Dezeen and MINI Frontiers: popular software packages are influencing the way new buildings look says Matthew Plummer-Fernandez, who calls on architects to develop their own code rather than using “off-the-shelf” solutions (+ movie).
“So much of the aesthetics [of a building] is inherited from the software without you realising it,” Plummer-Fernandez claims. “You can almost spot what sort of software applications have been used for a particular building.”
Much contemporary architecture could be considered the product of “a sort of composite authorship between the software and person using it,” he adds.
“There are some algorithms that visually you’d recognise, like voronoi or fractals,” he says. “And then there’s the person behind that interface trying to make their own visual language, and somehow the artefacts become a marriage of the two.”
According to Plummer-Fernandez, it is possible to “trace the software origins” of parametric forms created by programs such as Grasshopper, a plugin for popular computer-aided design application Rhino.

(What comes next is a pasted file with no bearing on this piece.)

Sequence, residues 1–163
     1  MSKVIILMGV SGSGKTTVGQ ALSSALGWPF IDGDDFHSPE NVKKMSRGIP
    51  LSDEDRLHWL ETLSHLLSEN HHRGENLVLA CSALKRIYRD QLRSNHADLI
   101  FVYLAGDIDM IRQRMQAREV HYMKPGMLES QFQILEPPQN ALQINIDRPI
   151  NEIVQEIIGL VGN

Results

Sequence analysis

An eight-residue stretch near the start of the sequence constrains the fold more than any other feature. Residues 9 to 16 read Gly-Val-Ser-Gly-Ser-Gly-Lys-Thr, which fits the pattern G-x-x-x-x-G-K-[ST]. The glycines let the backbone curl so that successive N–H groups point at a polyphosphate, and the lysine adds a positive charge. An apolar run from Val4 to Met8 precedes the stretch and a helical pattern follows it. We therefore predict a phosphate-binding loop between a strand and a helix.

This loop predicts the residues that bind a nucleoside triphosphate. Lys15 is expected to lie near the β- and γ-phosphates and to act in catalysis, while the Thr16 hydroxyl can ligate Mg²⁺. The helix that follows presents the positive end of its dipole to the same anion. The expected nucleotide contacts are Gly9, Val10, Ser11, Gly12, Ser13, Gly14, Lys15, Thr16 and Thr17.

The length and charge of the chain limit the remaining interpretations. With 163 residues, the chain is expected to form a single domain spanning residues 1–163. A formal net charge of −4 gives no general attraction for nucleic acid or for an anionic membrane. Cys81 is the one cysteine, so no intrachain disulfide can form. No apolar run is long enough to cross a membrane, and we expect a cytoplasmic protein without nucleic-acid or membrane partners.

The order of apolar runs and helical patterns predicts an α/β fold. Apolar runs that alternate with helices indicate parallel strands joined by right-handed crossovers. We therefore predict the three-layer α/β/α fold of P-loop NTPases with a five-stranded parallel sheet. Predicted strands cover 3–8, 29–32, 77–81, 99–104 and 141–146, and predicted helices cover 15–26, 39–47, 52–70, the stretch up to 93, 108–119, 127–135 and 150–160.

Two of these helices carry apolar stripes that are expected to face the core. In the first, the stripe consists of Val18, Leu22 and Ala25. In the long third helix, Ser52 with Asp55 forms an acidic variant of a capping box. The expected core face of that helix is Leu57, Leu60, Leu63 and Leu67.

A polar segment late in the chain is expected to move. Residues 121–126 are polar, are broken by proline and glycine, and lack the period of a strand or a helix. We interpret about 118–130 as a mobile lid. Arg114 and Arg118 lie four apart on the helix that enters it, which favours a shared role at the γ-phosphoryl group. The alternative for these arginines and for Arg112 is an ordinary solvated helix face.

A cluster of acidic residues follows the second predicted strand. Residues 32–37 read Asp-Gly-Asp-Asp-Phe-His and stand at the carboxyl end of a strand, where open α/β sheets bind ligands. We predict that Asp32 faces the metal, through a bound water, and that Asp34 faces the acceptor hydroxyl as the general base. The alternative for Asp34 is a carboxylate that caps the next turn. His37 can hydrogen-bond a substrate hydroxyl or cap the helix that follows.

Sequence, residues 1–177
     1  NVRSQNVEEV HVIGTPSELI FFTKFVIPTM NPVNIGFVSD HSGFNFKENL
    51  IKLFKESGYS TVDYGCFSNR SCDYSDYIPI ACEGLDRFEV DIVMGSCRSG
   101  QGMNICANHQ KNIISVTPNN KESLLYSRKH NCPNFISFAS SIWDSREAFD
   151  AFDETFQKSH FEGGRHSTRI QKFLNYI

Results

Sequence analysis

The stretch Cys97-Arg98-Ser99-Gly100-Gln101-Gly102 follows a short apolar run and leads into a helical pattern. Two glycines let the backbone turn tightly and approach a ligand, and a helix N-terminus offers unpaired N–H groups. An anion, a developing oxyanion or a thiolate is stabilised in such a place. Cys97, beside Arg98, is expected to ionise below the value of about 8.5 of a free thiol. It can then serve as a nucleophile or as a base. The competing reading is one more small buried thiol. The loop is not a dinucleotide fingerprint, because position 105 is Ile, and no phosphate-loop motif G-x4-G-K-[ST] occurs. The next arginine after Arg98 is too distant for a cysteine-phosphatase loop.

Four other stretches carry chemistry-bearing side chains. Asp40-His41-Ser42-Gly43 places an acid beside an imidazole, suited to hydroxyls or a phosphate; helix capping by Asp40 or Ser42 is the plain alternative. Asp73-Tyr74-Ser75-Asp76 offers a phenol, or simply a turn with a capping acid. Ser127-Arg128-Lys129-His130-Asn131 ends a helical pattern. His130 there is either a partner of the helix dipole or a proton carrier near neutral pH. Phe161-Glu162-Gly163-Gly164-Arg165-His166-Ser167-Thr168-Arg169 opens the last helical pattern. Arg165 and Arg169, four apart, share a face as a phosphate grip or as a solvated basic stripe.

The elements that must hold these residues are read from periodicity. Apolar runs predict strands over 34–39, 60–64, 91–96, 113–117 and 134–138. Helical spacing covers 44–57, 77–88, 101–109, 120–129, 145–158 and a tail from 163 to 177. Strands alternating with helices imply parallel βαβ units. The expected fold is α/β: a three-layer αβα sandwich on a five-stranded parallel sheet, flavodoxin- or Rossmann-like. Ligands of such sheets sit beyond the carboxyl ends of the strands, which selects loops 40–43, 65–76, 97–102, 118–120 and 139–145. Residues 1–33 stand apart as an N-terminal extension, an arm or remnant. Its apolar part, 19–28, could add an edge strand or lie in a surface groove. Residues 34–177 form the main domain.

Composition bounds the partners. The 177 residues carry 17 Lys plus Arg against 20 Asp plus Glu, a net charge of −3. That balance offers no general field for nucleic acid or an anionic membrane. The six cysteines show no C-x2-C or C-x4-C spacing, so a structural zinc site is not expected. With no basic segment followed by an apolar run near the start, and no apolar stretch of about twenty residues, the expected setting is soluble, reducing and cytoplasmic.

“These algorithms you work with can have a very strong cultural character,” he says. “There are some algorithms that visually you would immediately recognise.”
He believes it would be more interesting if architects created new shapes using code they developed themselves.
“I think it’s fertile area to be exploring,” he says. “How can you, as a designer, produce your own software rather than use off-the-shelf software?”
Much of Plummer-Fernandez’s work explores how algorithms can create new forms. His Digital Natives project (pictured above) consisted of a series of vessels created by algorithmically distorting 3D scans of everyday objects.
For the Dezeen and MINI Frontiers exhibition he created a service that automatically generated unique 3D-printable driving companions for visitors based on information pulled from their Twitter feed.
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